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Original publication date: Tuesday July 8, 2008.
First Images Of Solar System's Invisible Frontier
Mapping the region by means of neutral, or uncharged, atoms instead of light 'heralds a new kind of astronomy using neutral atoms,' said Robert Lin, UC Berkeley professor of physics and lead for the suprathermal electron sensor aboard STEREO. 'You can't get a global picture of this region, one of the last unexplored regions of the heliosphere, any other way because it is too tenuous to be seen by normal optical telescopes.'
The heliosphere is a volume over which the effects of the solar wind extend, stretching from the sun to more than twice the distance of Pluto. Beyond its edge, called the heliopause, lies the relative quiet of interstellar space, at about 100 astronomical units (AU) - 100 times the Earth-sun distance.
The results, reported in the July 3 issue of the journal Nature, clear up a discrepancy in the amount of energy dumped into space by the decelerating solar wind that was discovered last year when Voyager 2 crossed the solar system's termination shock and entered the surrounding heliosheath. The termination shock is the region of the heliosphere where the supersonic solar wind slows to subsonic speed as it merges with the interstellar medium. The heliosheath is the region of roiled plasma between the shock front and the interstellar medium.
The newly discovered population of ions in the heliosheath contains about 70 percent of the energy dissipated in the termination shock, exactly the amount unaccounted for by Voyager 2's instruments, the UC Berkeley physicists concluded. The Voyager 2 results are reported in the same issue of Nature.
The twin STEREO spacecraft were launched in 2006 into Earth's orbit about the sun to obtain stereo pictures of the sun's surface and to measure magnetic fields and ion fluxes associated with solar explosions.
Between June and October 2007, however, the suprathermal electron sensor in the IMPACT (In-situ Measurements of Particles and CME Transients) suite of instruments on board each STEREO spacecraft detected neutral atoms originating from the same spot in the sky: the shock front and the heliosheath beyond, where the sun plunges through the interstellar medium.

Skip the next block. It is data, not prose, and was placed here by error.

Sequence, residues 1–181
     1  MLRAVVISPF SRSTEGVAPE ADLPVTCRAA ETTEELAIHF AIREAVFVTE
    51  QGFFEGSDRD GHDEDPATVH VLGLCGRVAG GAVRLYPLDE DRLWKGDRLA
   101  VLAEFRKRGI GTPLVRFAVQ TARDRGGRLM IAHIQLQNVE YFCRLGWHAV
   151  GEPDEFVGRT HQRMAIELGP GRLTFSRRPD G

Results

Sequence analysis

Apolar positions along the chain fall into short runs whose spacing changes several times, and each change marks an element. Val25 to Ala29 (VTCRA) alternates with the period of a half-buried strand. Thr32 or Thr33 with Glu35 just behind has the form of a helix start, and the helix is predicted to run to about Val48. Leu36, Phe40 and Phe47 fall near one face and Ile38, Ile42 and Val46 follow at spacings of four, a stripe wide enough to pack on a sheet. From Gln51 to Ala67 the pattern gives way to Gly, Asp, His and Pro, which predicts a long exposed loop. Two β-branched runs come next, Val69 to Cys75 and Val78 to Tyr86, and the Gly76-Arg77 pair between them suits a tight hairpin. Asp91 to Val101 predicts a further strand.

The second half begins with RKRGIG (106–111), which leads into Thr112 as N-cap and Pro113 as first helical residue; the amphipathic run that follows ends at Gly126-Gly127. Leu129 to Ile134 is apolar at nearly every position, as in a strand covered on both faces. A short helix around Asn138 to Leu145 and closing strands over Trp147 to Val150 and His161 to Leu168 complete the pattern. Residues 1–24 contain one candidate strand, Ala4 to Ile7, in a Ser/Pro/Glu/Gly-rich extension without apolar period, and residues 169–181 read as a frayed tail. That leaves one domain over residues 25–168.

'The suprathermal electron sensors were designed to detect charged electrons, which fluctuate in intensity depending on the magnetic field,' said lead author Linghua Wang, a graduate student in UC Berkeley's Department of Physics. 'We were surprised that these particle intensities didn't depend on the magnetic field, which meant they must be neutral atoms.'
UC Berkeley physicists concluded that these energetic neutral atoms were originally ions heated up in the termination that lost their charge to cold atoms in the interstellar medium and, no longer hindered by magnetic fields, flowed back toward the sun and into the suprathermal electron sensors on STEREO.
'This is the first mapping of energetic neutral particles from beyond the heliosphere,' Lin said. 'These neutral atoms tell us about the hot ions in the heliosheath. The ions heated in the termination shock exchange charge with the cold, neutral atoms in the interstellar medium to become neutral, and then flow back in.'
According to Lin, the neutral atoms are probably hydrogen, since most of the particles in the local interstellar medium are hydrogen.
The charge exchange between hot ions and neutral atoms to generate energetic neutral atoms is well known around the sun and planets, including Earth and Jupiter, and has been used by spacecraft such as IMAGE and Cassini as a means of remotely measuring the energy in ion plasmas, since neutral atoms travel much farther than ions. A new NASA mission, the Interstellar Boundary Explorer (IBEX), is planned for launch later this year to map more thoroughly the lower-energy energetic ions in the heliosheath by means of energetic neutral atoms to discover the structure of the termination shock and how hydrogen ions are accelerated there.
Lin and Wang's coauthors are IMPACT principal investigator Janet G. Luhmann and researcher Davin E. Larson. All are affiliated with UC Berkeley's Space Sciences Laboratory, which Lin directs.
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